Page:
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STAGE >Count Dracula comes back to life on Ankara stage

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This November Ankara Opera and Ballet showcases a world premiere, ‘Dracula.’ The newly created ballet show is about love and drama that Count Dracula once lived

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This November Ankara Opera and Ballet showcases a world premiere,‘Dracula.’ AA photo

This November Ankara Opera and Ballet showcases a world premiere,‘Dracula.’ AA photo

Prince Vlad, known as Vlad the Impaler from Ottoman times, is no stranger to the silver screen and TV in his role as Count Dracula. Now his story will be told through a slightly different medium as a ballet show seeks to depict the classic tale for the first time at the Ankara State Opera and Ballet.

The two-act ballet will stage its world premiere in Ankara on Nov. 30. The work, music and libretto belong to Bujor Hoinic, who has already shared the story of the Transylvanian cult character before.

There is a little bit of reality in every legend, he said, adding that in Romanian, Dracula means “the devil.” The prince is known for his thirst for blood and having killed many people in his quest to quench his thirst, which led to the saying that he fed himself with blood. It is in this manner that vampire stories began to be told in the village and then spread to the whole area.

Hoinic said the locals knew the prince as someone who was not as cruel as others thought him to be. “For Romanians, Dracula is not a scary character. He lived for 500 years and lost all his loved ones. He can wander around at night by himself and this means he is lonely. People think that he had a hard life and that’s why they approach him with love and sympathy.”

Different interpretation of Dracula seen on stage

In ballet, on the other hand, Dracula is depicted as a noble and highly cultured man. He is a nobleman who is looking for real love, said Hoinic. “When he finds his true love, he bites her and with this act he gives both of them the chance to live forever as a vampire.”

In short, the Dracula story is in fact a love story, according to Hoinic.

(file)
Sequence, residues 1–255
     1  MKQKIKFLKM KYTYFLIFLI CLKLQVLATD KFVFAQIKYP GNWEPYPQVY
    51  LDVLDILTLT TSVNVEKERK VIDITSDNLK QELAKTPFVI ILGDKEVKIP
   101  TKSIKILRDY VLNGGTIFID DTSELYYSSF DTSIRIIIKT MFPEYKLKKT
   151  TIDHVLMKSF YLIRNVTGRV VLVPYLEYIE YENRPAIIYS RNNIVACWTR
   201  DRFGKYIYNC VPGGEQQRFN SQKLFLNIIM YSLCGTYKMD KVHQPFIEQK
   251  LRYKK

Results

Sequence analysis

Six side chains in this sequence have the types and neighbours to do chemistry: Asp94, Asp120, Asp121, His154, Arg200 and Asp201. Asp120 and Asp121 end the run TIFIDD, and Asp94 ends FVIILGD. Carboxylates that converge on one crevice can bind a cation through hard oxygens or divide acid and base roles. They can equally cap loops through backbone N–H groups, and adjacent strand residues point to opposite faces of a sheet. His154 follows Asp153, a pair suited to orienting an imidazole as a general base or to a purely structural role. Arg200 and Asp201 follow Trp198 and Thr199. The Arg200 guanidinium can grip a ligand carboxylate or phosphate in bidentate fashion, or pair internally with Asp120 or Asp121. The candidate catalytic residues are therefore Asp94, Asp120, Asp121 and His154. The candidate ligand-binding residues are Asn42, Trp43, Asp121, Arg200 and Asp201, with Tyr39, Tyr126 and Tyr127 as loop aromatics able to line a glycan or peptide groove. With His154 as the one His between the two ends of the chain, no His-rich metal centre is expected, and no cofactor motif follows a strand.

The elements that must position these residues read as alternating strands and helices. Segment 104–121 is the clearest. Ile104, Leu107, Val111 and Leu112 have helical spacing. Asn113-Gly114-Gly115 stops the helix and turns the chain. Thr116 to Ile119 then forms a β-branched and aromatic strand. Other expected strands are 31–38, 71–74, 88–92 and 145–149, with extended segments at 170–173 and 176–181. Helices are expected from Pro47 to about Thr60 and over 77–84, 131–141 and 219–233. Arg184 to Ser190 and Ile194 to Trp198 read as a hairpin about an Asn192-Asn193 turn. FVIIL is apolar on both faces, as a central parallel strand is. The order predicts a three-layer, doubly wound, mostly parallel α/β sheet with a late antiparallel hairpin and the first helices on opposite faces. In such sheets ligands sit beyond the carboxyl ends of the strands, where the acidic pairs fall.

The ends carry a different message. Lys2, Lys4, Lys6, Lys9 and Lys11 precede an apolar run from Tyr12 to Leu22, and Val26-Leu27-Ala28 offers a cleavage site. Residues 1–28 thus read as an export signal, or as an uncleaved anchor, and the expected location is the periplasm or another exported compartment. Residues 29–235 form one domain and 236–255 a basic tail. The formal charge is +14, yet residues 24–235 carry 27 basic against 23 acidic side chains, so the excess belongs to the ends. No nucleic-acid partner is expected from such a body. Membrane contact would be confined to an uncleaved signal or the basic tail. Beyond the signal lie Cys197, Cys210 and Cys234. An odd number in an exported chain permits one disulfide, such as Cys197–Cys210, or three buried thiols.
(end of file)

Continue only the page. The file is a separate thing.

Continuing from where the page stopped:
Because there are no details on the real identity of Dracula, Hoinic said there is no reason to expect any negative reaction to the work.

Hoinic said he prepared the work in 2006 within 18 months. It is a very hard production to be staged, he said, noting that it was also quite a long play.

“There is both comedy and drama in this ballet. The audience will witness a Dracula that is both funny and scary,” said Hoinic.

Noting that it was possible to reach every kind of audience, young and old, Hoinic said there were many aspects of the play that would be relatable to all theater-goers.

The ballet has been staged with reflections and inspirations from the book, as well as the film “Dracula” – meaning the piece includes both classic and popular notions.

During the creation of the production, Hionic said he had researched into the matter and realized that among all of the Vampire series Dracula is the most popular and well-known character.

The choreography of the ballet was composed by Nugzar and Medeia Magalashvili, while the decor was created by Savaş Camgöz. The costumes of the ballet were made by Gülay Korkut. Dancers Eren Keleş, Murat Spence, Kuzey Kıyıcan and İlhan Durgut will also be on stage as Dracula.

The ballet show is expected to draw a large number of people because it is the world premiere.

November/28/2013

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